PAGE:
What’s eating Yamato Rinko?
I’m not sure if they added the little Yamato figure to the opening theme’s cake this week or last and I just didn’t notice, but it left me in Cute Overload Mode before the episode even began, which is always a good thing. It also helps highlight the amount of attention that’s gone into this adaptation. Regardless of what you think of the content, this is a director and animation staff who puts a lot of thought and affection into the production, and it shows from the myriad ways they convey our couple’s uncontainable love-love (sparkles! bubbles! stars! doilies!) to the endless array of expressions. Takeo Faces alone could have their own Tumblr.
Singles’ outing day is a very dangerous day.
The cast expands in a big way this time, although we’ve yet to see if those expansions were a one-time event or if we’ll see any of these characters again in the coming weeks. What this episode really does is give us a better picture of the world outside of our Trio of Ultimate Niceness, and it’s… well, not nearly as nice as they are. Although it does have 100% more afro, which is definitely a plus.
Well, this is unexpected.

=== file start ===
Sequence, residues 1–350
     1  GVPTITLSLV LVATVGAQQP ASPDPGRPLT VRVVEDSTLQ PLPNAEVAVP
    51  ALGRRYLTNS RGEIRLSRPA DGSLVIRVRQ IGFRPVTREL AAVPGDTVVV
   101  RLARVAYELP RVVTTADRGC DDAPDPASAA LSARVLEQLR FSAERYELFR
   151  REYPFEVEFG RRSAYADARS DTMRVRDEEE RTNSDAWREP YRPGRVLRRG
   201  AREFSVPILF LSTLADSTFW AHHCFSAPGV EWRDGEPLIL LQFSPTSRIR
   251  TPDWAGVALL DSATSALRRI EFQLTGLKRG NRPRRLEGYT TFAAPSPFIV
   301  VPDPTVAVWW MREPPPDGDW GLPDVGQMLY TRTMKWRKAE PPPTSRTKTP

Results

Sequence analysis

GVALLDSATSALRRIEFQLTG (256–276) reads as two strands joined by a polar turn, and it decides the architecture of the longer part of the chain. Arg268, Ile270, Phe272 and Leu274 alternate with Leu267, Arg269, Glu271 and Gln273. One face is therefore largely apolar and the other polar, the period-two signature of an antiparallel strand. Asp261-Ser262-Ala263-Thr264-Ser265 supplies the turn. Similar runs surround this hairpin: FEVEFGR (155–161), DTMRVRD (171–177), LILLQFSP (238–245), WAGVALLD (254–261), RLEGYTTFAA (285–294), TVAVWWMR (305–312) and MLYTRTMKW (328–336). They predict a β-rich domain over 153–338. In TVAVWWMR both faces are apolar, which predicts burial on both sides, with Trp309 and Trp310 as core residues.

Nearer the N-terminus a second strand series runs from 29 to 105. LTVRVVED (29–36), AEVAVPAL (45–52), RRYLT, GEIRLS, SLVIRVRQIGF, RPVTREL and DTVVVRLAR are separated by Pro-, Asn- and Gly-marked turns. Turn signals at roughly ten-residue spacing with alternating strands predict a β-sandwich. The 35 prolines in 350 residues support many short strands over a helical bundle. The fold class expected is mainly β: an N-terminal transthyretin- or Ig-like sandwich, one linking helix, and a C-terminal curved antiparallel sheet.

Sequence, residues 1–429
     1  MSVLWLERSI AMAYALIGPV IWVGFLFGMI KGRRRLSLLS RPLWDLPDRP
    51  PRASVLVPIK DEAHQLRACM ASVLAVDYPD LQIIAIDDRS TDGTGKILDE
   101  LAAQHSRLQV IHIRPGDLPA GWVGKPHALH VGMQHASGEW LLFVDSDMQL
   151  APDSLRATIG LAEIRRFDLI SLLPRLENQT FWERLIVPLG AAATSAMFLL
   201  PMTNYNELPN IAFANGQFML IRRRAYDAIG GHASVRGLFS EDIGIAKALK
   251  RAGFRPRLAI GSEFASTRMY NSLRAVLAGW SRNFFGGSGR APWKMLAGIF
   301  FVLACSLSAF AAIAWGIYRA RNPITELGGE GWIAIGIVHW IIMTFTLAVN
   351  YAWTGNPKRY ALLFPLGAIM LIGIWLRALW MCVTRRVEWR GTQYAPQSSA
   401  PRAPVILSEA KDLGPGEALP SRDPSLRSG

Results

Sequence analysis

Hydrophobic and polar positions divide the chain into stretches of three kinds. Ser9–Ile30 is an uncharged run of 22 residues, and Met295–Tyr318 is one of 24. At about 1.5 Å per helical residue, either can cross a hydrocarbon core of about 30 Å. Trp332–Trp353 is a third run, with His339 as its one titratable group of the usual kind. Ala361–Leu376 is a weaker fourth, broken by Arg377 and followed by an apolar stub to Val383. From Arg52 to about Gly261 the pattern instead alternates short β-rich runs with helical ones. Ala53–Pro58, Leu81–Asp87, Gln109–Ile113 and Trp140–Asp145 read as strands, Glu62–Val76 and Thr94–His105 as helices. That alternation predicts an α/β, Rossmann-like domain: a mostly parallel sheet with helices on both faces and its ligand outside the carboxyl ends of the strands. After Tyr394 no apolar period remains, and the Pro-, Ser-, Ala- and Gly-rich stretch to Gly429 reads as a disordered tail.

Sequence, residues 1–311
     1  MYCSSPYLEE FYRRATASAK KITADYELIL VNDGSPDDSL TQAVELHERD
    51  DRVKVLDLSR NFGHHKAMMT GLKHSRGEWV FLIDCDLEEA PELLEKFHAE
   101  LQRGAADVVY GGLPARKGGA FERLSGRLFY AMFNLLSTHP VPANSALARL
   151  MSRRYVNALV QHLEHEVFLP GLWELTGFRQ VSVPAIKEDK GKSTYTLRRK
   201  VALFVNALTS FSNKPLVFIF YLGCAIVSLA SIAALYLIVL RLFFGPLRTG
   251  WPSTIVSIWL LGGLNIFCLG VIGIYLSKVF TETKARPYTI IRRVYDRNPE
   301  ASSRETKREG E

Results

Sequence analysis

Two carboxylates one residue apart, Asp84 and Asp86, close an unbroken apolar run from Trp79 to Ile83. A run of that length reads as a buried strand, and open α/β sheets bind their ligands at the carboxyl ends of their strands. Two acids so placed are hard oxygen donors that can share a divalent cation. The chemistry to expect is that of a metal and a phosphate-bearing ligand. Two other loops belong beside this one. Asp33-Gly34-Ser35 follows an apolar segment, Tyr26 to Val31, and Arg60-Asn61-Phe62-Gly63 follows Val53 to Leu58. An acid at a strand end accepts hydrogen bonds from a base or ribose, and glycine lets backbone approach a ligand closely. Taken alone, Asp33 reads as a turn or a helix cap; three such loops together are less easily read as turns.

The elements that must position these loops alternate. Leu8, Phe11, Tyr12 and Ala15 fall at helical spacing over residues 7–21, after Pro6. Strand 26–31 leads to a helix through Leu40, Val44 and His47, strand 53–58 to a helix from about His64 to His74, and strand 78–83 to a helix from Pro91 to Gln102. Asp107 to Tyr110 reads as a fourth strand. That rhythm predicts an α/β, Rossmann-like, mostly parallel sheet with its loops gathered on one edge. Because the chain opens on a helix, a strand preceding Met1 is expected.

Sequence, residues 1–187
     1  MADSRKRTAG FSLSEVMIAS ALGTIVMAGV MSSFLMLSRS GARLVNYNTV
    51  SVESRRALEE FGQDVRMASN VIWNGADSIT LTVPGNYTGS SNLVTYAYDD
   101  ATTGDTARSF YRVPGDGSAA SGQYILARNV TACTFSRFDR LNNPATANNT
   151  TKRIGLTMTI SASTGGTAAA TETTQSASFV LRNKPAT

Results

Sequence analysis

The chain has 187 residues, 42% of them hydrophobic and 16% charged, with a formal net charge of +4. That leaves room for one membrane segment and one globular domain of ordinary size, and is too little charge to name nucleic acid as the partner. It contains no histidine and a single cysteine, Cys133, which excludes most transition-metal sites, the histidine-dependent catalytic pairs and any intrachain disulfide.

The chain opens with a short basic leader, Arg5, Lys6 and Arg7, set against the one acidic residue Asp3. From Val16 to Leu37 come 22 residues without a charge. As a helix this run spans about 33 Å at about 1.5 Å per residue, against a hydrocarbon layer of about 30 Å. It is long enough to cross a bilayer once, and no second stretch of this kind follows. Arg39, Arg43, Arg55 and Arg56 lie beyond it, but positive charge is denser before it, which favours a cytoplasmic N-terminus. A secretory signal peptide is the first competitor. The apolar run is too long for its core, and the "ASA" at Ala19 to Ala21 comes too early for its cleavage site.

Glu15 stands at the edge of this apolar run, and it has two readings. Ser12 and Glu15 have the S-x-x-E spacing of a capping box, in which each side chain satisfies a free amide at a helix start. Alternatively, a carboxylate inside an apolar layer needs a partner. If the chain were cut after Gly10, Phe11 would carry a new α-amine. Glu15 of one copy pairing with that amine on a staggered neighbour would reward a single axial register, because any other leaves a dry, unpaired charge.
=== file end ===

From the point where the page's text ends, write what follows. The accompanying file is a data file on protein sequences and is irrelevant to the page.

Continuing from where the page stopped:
I didn’t expect either of these shows to earn a full meet ‘n’ greet, never mind this Rule of Three Review. More surprising still, both are staying on the watch list for now, and I’m actually looking forward to seeing where they take their stories.
The “how” and “why” of it mostly boils down to solid writing, something that other shows which looked better on paper have struggled with this season. Likable characters and engaging (or at least bizarre) scenarios go a long way all on their own; throw in some energetic animation/direction, and you’ve got yourself the two most pleasant surprises of the season. Both could fall off a cliff at any moment, and I’m halfway expecting it to happen, but they’re still with me for now, and in a season this sparse I’ll take whatever I can get. Hit the jump for details, concerns, and early praise.
Young adult high school series can often fall flat, but so far this one is hitting all the right notes.